Archive for the ‘utilitarianism’ Category

(utilitarianism)…could justify horrendous acts as being for the pleasure of the many

November 14, 2009

(utilitarianism)…could justify horrendous acts as being for the pleasure of the many.

A Macintyre, Short History of Ethics, 1967, p.238

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I find myself incapable of believing that all that is wrong with wanton cruelty is that I don’t like it

September 26, 2009

I am not satisfied with what I have read or said on the philosophical basis of ethics. I cannot see how to refute the arguments for the subjectivity of ethical values but I find myself incapable of believing that all that is wrong with wanton cruelty is that I don’t like it. I have no difficulty in practical moral judgments, which I find I make on a roughly hedonistic [i.e. utilitarian] basis, but, when it comes to the philosophy of moral judgments, I am impelled in two opposite directions and remain perplexed.

Bertrand Russell, in Ray Monk, vol.2, replying to D.H. Monro’s critical essay on ‘Russell’s Moral Theories’, 1960

This is a fancy, philosophical way of saying, ‘I have no reason to reject relativism but something within me doesn’t like it.’ In other words, his philosophy couldn’t explain his moral impulses.

The Reforms of British Imperialism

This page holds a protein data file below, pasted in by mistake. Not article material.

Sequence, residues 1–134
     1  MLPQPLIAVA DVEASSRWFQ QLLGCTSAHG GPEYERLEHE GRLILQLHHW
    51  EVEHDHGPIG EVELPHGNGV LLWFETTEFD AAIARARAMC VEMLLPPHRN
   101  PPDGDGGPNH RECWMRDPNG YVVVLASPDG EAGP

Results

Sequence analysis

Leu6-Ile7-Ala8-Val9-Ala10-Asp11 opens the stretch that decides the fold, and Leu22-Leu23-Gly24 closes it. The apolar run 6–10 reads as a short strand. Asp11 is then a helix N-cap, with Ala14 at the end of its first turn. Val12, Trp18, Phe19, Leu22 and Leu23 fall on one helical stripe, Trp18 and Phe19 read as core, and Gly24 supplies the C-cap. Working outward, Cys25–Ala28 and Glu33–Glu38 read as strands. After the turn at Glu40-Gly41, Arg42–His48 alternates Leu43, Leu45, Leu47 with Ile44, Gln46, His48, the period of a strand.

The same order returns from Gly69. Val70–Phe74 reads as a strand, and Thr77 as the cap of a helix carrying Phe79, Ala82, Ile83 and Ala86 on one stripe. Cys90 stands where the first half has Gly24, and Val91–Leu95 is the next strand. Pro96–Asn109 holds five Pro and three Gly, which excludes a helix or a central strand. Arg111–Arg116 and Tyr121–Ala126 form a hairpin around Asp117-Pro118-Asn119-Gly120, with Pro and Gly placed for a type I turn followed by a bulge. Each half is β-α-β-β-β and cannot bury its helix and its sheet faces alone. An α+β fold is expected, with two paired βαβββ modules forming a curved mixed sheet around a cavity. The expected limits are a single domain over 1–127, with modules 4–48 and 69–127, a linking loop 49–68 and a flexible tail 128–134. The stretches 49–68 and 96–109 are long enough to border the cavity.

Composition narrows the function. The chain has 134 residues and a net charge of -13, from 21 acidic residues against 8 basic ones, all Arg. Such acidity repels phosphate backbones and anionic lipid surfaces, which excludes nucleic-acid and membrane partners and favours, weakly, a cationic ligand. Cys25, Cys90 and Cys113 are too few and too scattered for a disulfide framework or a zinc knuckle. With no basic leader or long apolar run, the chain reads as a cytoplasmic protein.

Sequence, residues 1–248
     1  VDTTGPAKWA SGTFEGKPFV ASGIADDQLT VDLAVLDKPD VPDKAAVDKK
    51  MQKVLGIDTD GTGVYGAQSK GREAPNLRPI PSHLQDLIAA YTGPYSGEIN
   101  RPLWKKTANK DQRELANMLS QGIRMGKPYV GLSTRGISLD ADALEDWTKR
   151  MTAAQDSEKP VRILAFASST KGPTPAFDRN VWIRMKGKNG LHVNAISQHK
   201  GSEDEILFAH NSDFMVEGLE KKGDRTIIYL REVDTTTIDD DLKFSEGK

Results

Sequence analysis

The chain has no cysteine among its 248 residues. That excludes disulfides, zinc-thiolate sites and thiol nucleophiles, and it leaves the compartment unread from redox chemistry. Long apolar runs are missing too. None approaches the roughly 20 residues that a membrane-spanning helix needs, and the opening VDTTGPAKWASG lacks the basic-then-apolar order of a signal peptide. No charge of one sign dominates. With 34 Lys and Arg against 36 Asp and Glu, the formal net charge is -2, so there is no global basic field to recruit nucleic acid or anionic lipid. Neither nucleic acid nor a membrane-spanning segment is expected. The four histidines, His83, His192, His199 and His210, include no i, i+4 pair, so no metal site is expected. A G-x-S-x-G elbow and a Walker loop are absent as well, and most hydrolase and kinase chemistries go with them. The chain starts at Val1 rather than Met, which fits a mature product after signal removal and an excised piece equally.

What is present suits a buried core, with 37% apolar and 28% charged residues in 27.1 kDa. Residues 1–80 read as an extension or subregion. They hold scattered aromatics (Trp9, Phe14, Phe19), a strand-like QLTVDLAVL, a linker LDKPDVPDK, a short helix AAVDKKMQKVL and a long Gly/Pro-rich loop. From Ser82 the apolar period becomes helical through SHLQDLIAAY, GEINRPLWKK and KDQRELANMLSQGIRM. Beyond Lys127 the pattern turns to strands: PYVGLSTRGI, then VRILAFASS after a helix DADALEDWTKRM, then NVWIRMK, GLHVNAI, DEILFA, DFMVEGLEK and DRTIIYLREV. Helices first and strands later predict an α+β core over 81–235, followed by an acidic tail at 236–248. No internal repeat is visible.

August 30, 2009

Lord Bentinck tried to rein in some of the more unpalatable of Indian traditions; ritual murder (Thuggee), female infanticide, widow burning (suttee) and slavery. At the time, it seemed as if many Indians supported these aims. With hindsight, it would appear that they deeply resented tampering with traditions that went back thousands of years, however unpalatable those traditions might have been. They perceived British tampering in their social order as proof that the British wished to forcibly convert Hindus and Muslims alike to Christianity. British utilitarian reforming zeal combined with increasing Christian missionary activity helped to form this unlikely alliance of Hindu and Muslim sepoys (in the 1857 Indian Mutiny).

source

The relativist would say that ritual murder (Thuggee), female infanticide, widow burning (suttee) and slavery are ‘true’ for the Indians and it is cultural imperialism to interfer with these ‘ancient traditions’ (as if mere perpetual custom makes an action morally good).

Happiness – feelings defining right and wrong

August 25, 2009

When people make personal happiness their highest priority, they are effectively using their feelings to define for themselves what is good and bad in their lives. This process of inventing an ethical standard is even more apparent when people attempt to construct collective standards of well-being, as in Utilitarianism, based on the happiness felt by a number of people.

Ben Cooper, After the Wind, Kategoria 13, p.23